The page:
New Zealand Interest Rate  1985-2016 | Data | Chart | Calendar | Forecast

The Reserve Bank of New Zealand lowered its official cash rate by 25bps to 2 percent in August, saying the strong New Zealand dollar is adding further pressure to the export and import-competing sectors and, together with low global inflation, is causing negative inflation in the tradables sector. Policymakers also said further policy easing will be required to bring inflation back to target. Interest Rate in New Zealand averaged 7.75 percent from 1985 until 2016, reaching an all time high of 67.32 percent in March of 1985 and a record low of 2 percent in August of 2016. Interest Rate in New Zealand is reported by the Reserve Bank of New Zealand.

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Actual Previous Highest Lowest Dates Unit Frequency
2.00 2.25 67.32 2.00 1985 - 2016 percent Daily
In New Zealand, interest rates decisions are taken by the Reserve Bank of New Zealand. The official interest rate is the Official Cash Rate (OCR). The OCR was introduced in March 1999 and is reviewed eight times a year by the Bank. The OCR influences the price of borrowing money in New Zealand and provides the Reserve Bank with a means of influencing the level of economic activity and inflation. This page provides - New Zealand Interest Rate - actual values, historical data, forecast, chart, statistics, economic calendar and news. New Zealand Interest Rate - actual data, historical chart and calendar of releases - was last updated on August of 2016.


Calendar GMT Reference Actual Previous Consensus Forecast (i)
2016-04-27 09:00 PM Interest Rate Decision 2.25% 2.25% 2.25% 2.25%
2016-06-08 09:00 PM Interest Rate Decision 2.25% 2.25% 2.25% 2.25%
2016-08-10 09:00 PM Interest Rate Decision 2% 2.25% 2% 2.0%
2016-09-21 09:00 PM Interest Rate Decision 2% 2%
2016-10-09 08:00 PM Interest Rate Decision 1.75%

New Zealand Cuts Official Cash Rate to 2%


The Reserve Bank of New Zealand lowered its official cash rate by 25bps to 2 percent in August, saying the strong New Zealand dollar is adding further pressure to the export and import-competing sectors and, together with low global inflation, is causing negative inflation in the tradables sector. Policymakers also said further policy easing will be required to bring inflation back to target.

Statement by Reserve Bank Governor Graeme Wheeler:

The Reserve Bank today reduced the Official Cash Rate (OCR) by 25 basis points to 2.0 percent.

Global growth is below trend despite being supported by unprecedented levels of monetary stimulus. Significant surplus capacity remains across many economies and, along with low commodity prices, is suppressing global inflation. Some central banks have eased policy further since the June Monetary Policy Statement, and long-term interest rates are at record lows. The prospects for global growth and commodity prices remain uncertain. Political risks are also heightened.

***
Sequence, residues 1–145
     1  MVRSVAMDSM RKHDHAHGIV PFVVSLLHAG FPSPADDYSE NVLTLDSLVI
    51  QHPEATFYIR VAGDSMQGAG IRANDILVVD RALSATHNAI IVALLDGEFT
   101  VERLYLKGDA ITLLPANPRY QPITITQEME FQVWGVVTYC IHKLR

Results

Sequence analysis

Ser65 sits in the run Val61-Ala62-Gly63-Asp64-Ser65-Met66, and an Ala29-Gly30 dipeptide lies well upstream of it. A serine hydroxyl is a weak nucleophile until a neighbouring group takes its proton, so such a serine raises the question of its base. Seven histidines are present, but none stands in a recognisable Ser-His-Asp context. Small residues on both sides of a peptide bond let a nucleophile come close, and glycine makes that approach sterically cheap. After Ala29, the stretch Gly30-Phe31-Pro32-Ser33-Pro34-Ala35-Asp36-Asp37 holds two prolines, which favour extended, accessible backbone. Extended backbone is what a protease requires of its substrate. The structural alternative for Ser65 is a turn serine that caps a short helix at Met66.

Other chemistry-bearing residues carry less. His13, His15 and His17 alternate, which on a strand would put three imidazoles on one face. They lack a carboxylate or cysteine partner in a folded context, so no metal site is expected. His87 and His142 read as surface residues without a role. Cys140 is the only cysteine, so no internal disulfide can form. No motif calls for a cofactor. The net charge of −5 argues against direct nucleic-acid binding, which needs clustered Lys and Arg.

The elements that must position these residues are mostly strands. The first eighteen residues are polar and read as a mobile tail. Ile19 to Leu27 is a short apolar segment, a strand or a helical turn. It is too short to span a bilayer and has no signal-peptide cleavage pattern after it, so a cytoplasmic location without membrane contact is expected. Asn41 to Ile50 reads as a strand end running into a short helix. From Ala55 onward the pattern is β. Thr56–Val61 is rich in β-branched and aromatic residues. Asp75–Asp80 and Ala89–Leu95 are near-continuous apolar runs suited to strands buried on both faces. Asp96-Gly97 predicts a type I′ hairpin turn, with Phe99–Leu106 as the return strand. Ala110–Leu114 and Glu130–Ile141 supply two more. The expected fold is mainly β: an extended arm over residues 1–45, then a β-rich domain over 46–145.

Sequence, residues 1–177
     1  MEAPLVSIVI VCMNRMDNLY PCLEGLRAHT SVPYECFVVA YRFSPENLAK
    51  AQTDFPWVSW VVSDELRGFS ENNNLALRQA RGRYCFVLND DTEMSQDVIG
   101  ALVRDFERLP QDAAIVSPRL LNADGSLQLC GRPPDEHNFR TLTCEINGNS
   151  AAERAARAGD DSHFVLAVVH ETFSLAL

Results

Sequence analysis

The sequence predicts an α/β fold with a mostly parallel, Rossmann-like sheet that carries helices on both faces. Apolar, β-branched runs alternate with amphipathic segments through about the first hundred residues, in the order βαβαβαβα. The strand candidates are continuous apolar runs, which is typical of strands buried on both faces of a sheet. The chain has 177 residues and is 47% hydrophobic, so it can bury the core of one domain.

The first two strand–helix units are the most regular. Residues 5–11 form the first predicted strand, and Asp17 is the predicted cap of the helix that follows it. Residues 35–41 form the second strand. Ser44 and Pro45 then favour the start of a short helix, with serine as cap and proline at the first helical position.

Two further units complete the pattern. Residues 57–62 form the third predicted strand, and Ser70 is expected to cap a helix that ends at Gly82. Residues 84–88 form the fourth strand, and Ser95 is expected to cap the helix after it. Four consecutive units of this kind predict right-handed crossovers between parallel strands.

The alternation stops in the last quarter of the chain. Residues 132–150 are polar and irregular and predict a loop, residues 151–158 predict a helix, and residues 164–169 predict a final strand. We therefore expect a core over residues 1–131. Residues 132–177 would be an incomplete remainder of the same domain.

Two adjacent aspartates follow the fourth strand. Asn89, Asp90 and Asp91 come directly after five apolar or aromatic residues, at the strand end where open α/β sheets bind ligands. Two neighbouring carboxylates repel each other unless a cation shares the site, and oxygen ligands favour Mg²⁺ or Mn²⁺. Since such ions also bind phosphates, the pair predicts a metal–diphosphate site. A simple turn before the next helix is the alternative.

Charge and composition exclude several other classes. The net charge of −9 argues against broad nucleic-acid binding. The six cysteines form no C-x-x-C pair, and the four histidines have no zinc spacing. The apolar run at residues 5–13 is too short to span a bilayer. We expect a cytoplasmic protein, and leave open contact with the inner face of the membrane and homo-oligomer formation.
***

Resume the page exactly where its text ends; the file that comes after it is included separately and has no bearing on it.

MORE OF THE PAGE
Weak global conditions and low interest rates relative to New Zealand are placing upward pressure on the New Zealand dollar exchange rate. The trade-weighted exchange rate is significantly higher than assumed in the June Statement. The high exchange rate is adding further pressure to the export and import-competing sectors and, together with low global inflation, is causing negative inflation in the tradables sector. This makes it difficult for the Bank to meet its inflation objective. A decline in the exchange rate is needed.

Domestic growth is expected to remain supported by strong inward migration, construction activity, tourism, and accommodative monetary policy. However, low dairy prices are depressing incomes in the dairy sector and reducing farm spending and investment. High net immigration is supporting strong growth in labour supply and limiting wage pressure.

House price inflation remains excessive and has become more broad-based across the regions, adding to concerns about financial stability. The Bank is consulting on stronger macro-prudential measures that should help to mitigate financial system risks arising from the rapid escalation in house prices.

Headline inflation is being held below the target band by continuing negative tradables inflation. Annual CPI inflation is expected to weaken in the September quarter, reflecting lower fuel prices and cuts in ACC levies. Annual inflation is expected to rise from the December quarter, reflecting the policy stimulus to date, the strength of the domestic economy, reduced drag from tradables inflation, and rising non-tradables inflation. Although long-term inflation expectations are well-anchored at 2 percent, the sustained weakness in headline inflation risks further declines in inflation expectations.

Monetary policy will continue to be accommodative. Our current projections and assumptions indicate that further policy easing will be required to ensure that future inflation settles near the middle of the target range. We will continue to watch closely the emerging economic data.

Reserve Bank New Zealand | Joana Ferreira | joana.ferreira@tradingeconomics.com
8/10/2016 10:19:02 PM

New Zealand Money Last Previous Highest Lowest Unit
Interest Rate 2.00 2.25 67.32 2.00 percent [+]
Interbank Rate 2.75 2.77 24.25 2.62 percent [+]
Money Supply M0 5632.00 5598.00 6113.00 1081.00 NZD Million [+]
Money Supply M1 46614.00 45925.00 47192.00 1585.70 NZD Million [+]
Money Supply M2 152508.00 152569.00 155766.00 19760.00 NZD Million [+]
Money Supply M3 313758.00 313589.00 315150.00 6726.00 NZD Million [+]
Foreign Exchange Reserves 25161.00 28557.00 28557.00 1029.50 NZD Million [+]
Banks Balance Sheet 504602.00 504725.00 505687.00 236047.00 NZD Million [+]
Deposit Interest Rate 3.80 4.01 16.32 3.80 percent [+]
Central Bank Balance Sheet 23438.00 25983.00 33766.00 7116.00 NZD Million [+]
Loans To Private Sector 92113.00 91912.00 92113.00 31241.00 NZD Million [+]




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